THERE’S not an inch of the Algarve that Ruben Faria has not explored.
The local motocross champion, who trains in the rugged hills of southern Portugal, must have seen more of the region than almost anyone alive.
Now, the Dakar Rally silver medallist is sharing the area’s secrets — with anyone who can keep up.
His Ruben Faria Adventure Tours offer motocross trips that pair adrenaline thrills with Portuguese hospitality for an Algarve holiday like no other.
My dad and I, who are experienced bikers but with no off-road experience, booked on for two days of extreme father and son bonding.
Things can get competitive when we are together, so arriving at Ruben’s garage in the town of Moncarapacho, I was happy to see that Dad’s feet could not reach the ground on his KTM 450.
But he soon solved that problem (somehow jumping on the bike while it was already moving) and then he was power-sliding mountain trails like a slightly taller Tom Cruise.
The region is better known for its well-preened golf courses than its rugged countryside, and the most off-road excitement it offers your average 60-year-old is driving a buggy too close to the green.
But away from the fairways I found myself chasing a dust cloud in the shape of my old man.
With the sparsest population in Portugal, 300 sunny days a year and a web of empty rural tracks, the Algarve hills are the best motocross playground in Europe.
Ruben, 45, led the group, with Ivo in the rear and Micael driving the back-up van.
Climbing from sea level to 1,700ft, we honed our cornering on gravel switchbacks and got technical on rocks and riverbeds.
We stopped regularly to hydrate — by an abandoned village or hilltop vista — soaking in views inaccessible to all but the most determined hiker.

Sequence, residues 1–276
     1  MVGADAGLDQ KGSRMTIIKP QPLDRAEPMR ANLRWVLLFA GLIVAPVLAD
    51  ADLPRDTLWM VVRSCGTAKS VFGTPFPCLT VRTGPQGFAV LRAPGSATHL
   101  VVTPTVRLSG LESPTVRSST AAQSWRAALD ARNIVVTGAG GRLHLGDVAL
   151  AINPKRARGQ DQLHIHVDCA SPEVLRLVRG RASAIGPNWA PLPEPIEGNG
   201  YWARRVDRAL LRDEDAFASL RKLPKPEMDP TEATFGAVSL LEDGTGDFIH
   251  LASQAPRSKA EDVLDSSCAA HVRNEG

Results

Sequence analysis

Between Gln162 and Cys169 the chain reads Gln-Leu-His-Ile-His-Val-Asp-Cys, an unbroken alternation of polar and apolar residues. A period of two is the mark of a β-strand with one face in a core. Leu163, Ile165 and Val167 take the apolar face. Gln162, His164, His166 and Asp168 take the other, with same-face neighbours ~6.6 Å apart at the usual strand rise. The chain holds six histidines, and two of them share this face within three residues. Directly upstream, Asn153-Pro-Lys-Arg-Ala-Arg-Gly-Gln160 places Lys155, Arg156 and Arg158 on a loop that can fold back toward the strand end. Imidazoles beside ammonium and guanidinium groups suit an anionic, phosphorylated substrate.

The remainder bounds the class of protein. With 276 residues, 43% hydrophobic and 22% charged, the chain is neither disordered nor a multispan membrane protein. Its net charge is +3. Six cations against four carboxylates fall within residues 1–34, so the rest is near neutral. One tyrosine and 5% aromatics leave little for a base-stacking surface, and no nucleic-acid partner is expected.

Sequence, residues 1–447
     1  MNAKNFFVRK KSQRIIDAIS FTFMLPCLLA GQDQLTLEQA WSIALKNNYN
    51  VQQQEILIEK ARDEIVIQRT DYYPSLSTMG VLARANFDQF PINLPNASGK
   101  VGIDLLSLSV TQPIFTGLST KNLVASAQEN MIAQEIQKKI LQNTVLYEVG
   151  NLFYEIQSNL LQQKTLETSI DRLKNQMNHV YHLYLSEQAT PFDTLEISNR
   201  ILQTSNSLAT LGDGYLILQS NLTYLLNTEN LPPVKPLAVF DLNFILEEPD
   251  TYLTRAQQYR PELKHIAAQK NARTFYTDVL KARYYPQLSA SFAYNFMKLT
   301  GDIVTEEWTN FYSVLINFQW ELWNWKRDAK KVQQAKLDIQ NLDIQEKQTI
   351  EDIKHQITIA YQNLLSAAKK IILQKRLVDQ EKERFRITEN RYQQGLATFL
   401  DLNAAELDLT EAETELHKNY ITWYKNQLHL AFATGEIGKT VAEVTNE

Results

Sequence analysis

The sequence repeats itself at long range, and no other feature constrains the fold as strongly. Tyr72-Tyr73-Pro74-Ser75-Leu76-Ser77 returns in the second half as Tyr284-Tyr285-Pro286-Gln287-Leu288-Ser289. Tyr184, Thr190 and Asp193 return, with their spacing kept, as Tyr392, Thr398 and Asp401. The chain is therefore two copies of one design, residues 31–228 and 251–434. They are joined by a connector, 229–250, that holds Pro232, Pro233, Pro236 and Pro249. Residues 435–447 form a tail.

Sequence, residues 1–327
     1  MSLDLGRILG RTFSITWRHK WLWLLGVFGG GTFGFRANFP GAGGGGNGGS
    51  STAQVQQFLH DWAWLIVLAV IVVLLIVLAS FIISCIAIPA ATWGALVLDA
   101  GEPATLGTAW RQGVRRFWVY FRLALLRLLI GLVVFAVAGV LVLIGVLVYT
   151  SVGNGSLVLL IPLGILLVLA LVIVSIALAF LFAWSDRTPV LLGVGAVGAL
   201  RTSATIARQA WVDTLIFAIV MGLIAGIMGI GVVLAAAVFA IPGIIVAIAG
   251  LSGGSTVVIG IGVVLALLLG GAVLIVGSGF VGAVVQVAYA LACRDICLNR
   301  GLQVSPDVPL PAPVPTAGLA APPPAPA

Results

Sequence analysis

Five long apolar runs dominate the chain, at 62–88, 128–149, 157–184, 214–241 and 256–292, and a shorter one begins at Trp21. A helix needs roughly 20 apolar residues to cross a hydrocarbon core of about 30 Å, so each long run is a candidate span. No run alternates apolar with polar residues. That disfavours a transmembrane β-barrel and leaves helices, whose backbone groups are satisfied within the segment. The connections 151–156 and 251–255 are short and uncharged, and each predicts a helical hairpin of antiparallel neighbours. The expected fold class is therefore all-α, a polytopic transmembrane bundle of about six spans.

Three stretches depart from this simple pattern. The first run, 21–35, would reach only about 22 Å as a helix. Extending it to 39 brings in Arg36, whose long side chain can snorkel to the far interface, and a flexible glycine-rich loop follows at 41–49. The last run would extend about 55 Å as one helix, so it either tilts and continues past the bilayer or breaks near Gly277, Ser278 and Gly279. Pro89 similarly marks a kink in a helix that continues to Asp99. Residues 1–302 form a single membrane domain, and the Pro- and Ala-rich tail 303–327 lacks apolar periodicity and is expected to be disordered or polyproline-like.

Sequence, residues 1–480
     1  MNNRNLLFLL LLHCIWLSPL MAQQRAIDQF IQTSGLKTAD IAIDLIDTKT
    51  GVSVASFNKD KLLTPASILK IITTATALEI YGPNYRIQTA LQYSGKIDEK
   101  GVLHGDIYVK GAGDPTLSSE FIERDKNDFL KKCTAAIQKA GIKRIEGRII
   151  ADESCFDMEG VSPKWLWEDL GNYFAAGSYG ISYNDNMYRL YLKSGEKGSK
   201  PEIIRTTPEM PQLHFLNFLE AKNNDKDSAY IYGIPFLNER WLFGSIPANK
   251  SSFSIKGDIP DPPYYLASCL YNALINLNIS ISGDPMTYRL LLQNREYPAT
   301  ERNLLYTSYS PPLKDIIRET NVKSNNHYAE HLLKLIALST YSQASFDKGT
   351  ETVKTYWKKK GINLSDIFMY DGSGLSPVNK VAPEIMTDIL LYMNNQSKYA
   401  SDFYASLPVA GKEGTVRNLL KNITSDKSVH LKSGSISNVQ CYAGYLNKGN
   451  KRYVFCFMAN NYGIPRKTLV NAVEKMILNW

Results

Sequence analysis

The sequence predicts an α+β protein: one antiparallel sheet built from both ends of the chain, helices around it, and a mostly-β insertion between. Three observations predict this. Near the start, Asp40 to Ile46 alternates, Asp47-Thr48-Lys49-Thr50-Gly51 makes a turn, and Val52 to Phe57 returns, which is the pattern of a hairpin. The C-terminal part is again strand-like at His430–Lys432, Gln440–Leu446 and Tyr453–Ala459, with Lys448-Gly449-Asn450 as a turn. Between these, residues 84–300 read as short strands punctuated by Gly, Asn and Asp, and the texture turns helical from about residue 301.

For lunch we parked by the coast at Marisqueira Fialho, where it became clear that local lad Ruben is quite the celeb.
We were well looked after with “Amnesia” wine, fluffy goat’s cheese, tuna steaks, white bait and an olive oil octopus hot pot.
Another day, in stucco-clad Alcoutim, an old smuggling town on the Spanish border, we ate by the river at O Soeiro.
There were also morning coffee breaks with the pensioners at Anastacio Taverna on the square in the village of Azinhal.
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And we tucked in to a delicious breakfast at the cafe in Fonte Ferrea Park.
With a stream to cool your feet, this oasis appeared as if by magic after narrow switchbacks down a rocky wooded gorge.
On our last afternoon, I took a simple exit from a dirt path, hit a patch of gravel and came off the bike. The body armour did its job but I was down one spill to nil, and Dad had officially won the weekend.
GETTING THERE: Flights to Faro are from £22.99pp one way at easyjet.com.
STAYING THERE: A three-day tour including two nights in a 5H hotel, three meals, water and fuel is from £402. Bring your own bike or hire one from £348 for three days. See rubenfariaadventuretours.com.
MORE INFO: See visitalgarve.pt.
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